Chinese military build-up cause of concern: US Commander
"China's intensive efforts to build, test, and field new aircraft, ships, weapons and supporting systems are of increasing concern to the region," Admiral Sameul J Locklear, Commander of the US pacific Command said during a Congressional hearing.
"Chinese naval and maritime law enforcement vessels have been active in recent years in trying to advance China's territorial and maritime claims in the South China and East China Seas," Locklear said in his testimony before the House Armed Services Committee.
"China's strong rhetoric about the indisputable nature of its claims, combined with active patrolling by civil and military ships and aircraft in the air and waters surrounding Scarborough Reef and the Senkakus Islands, has raised tensions with the Republic of the Philippines and Japan respectively," he said.
"China has also used other economic and diplomatic tools to pressure those countries to accede to Chinese claims. These actions have resulted in US partners and allies in East Asia seeking additional support and reassurance.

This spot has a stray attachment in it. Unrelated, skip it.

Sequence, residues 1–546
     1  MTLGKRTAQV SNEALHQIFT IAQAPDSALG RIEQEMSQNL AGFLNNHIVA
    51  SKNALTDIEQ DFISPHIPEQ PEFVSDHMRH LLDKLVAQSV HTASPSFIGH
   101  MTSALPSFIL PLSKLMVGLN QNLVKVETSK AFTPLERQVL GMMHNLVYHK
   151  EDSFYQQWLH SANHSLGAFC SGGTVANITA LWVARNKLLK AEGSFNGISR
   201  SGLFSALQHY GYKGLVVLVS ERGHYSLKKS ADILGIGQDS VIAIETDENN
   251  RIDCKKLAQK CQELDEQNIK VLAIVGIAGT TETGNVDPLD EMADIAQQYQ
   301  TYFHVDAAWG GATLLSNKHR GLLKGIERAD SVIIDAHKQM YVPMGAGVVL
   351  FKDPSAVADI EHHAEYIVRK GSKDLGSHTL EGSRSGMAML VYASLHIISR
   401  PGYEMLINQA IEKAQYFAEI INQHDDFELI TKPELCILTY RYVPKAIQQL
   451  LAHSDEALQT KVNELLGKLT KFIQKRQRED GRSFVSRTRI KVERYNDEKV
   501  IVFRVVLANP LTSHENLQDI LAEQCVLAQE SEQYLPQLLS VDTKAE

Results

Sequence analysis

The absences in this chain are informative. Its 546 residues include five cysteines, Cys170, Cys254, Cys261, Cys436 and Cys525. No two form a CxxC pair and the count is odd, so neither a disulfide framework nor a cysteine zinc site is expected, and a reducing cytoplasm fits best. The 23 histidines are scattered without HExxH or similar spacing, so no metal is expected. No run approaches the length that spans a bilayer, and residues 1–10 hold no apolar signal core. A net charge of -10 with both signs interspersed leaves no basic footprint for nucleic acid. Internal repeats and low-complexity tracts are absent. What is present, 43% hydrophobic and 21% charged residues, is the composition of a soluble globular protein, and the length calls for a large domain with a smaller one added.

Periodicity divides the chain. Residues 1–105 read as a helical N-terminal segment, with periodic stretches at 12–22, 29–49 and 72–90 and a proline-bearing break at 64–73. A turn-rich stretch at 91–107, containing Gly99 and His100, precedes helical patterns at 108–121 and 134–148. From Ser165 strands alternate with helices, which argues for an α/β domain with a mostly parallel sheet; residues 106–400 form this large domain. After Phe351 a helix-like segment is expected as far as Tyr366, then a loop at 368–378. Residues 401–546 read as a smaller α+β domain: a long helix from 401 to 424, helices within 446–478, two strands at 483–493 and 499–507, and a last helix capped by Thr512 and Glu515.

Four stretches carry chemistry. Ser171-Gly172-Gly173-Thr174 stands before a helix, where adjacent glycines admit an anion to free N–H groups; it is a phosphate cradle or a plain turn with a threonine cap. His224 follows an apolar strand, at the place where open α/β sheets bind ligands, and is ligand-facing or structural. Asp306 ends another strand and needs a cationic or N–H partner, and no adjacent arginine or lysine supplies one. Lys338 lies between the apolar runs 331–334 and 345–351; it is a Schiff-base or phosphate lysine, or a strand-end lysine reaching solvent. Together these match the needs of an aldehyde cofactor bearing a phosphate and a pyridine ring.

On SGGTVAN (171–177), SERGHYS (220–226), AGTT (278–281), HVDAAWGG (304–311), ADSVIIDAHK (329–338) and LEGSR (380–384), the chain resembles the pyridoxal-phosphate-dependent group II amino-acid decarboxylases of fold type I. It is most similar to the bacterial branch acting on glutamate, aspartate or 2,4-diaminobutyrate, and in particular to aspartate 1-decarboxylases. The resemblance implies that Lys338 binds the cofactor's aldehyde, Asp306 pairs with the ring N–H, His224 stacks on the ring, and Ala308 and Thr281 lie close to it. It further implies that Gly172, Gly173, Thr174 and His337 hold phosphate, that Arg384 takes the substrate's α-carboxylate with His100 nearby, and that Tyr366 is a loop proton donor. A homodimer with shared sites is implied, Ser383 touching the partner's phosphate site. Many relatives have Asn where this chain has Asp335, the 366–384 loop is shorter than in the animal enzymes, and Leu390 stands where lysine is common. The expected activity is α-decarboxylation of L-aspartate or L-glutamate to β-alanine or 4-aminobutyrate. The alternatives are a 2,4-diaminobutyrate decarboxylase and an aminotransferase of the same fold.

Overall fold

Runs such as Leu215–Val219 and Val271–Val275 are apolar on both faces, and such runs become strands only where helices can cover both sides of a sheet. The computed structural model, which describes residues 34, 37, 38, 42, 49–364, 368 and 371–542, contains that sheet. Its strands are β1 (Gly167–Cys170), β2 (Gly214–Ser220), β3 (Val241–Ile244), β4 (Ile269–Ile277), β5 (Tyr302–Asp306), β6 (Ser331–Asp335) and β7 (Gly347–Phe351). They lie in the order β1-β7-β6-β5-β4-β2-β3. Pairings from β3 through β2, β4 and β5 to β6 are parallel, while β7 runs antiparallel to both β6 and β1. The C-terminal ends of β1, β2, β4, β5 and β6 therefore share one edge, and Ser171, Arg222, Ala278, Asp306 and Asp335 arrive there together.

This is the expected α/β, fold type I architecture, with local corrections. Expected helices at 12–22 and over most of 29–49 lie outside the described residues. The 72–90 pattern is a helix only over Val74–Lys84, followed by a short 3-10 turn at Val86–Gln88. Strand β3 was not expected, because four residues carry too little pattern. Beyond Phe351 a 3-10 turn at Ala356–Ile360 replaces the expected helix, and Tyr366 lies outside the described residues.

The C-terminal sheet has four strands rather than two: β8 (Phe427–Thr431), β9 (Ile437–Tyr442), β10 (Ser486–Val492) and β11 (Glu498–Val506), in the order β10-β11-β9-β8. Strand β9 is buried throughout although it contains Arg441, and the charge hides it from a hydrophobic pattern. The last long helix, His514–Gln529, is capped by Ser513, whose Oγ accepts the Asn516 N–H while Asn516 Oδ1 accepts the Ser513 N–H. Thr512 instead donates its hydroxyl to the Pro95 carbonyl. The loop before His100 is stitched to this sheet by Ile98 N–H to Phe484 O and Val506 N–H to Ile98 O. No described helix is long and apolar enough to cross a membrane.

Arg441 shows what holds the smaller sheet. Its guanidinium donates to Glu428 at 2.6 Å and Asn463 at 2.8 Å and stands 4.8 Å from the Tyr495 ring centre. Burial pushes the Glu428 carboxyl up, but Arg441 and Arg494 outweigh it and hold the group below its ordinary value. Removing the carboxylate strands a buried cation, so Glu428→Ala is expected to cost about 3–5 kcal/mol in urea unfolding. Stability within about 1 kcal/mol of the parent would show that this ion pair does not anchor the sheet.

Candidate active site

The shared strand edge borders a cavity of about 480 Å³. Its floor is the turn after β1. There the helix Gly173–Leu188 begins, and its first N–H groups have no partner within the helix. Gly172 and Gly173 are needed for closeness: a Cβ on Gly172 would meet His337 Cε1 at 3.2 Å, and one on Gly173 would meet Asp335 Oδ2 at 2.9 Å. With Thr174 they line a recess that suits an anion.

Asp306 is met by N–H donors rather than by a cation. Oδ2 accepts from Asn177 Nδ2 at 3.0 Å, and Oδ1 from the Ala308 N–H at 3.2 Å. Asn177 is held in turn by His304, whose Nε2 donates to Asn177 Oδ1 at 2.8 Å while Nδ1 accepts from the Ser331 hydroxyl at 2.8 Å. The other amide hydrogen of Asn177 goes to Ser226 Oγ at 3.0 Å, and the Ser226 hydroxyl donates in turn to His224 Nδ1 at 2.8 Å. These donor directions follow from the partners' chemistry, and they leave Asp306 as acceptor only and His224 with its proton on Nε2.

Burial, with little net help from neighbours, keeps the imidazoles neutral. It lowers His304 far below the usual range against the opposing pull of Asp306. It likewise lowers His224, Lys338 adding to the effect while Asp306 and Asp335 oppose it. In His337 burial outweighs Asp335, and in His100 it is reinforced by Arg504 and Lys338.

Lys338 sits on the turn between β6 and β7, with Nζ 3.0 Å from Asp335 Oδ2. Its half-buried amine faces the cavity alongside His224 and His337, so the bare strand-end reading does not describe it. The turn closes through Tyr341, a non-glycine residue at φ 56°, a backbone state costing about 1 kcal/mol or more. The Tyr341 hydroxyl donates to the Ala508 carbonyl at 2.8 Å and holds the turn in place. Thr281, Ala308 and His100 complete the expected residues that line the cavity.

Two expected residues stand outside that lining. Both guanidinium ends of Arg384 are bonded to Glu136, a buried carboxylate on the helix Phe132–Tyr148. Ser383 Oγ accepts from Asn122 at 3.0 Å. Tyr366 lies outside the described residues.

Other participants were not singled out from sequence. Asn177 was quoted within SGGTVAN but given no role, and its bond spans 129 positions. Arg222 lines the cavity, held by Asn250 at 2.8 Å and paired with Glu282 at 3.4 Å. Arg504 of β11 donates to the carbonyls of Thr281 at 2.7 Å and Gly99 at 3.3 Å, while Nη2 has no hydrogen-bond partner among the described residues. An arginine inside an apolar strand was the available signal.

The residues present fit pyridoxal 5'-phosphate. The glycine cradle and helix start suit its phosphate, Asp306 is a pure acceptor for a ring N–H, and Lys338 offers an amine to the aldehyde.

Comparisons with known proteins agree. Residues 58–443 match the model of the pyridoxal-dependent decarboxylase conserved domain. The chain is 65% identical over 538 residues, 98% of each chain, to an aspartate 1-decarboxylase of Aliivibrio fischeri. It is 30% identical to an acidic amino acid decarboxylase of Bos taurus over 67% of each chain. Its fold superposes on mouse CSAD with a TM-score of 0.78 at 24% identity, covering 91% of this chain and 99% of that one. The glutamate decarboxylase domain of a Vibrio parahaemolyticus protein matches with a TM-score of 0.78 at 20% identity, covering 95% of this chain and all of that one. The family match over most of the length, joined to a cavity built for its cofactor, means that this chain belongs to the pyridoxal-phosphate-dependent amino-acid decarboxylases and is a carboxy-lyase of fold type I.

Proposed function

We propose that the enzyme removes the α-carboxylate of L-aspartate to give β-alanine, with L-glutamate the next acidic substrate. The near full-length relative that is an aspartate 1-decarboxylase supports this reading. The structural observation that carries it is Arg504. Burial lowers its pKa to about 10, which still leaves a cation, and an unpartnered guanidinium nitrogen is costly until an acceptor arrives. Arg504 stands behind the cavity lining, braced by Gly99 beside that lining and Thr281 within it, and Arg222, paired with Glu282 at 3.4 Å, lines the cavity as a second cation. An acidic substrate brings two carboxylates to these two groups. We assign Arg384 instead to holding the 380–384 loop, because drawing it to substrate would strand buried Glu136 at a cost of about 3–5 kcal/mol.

He said he was concerned that the activities around the Senkakus islands could lead to an accident and miscalculation and escalation between China and Japan.
"Elsewhere, in the South China Sea, periodic confrontations between Chinese and Vietnamese ships and Chinese efforts to pressure international companies to not explore for oil and gas raise tensions.
"China has consistently opposed using collaborative diplomatic processes - such as negotiations of a Code of Conduct or international arbitration - to address disputes in the South China Sea, instead insisting on bilateral negotiations," Locklear said.
Responding to lawmakers questions, General C Robert Kehler, Commander of the US Strategic Command, said that a confrontation between the two countries is good for none of them.
"In the case of China, as I've communicated to them when they've asked me this as well, I said first of all you have to recognize that the US is a Pacific nation. We have lots of national interests in this part of the world. We're going to stay here. We're here with our allies. We're concerned about a security environment that protects our interests," he said.
He said the US recognises that China is on the rise, both economically, and as a regional power.
"And we think that we can accommodate China into the economic world, as well as the security world, and that they have the opportunity to come in as a net provider of security and that we're happy to allow that to happen, and we'll actually facilitate them coming in if necessary," Kehler said.
"But they, as all others do, have choices that have to be made, and we're just hopeful that those choices will be ones that bring them in, in a productive way," he said.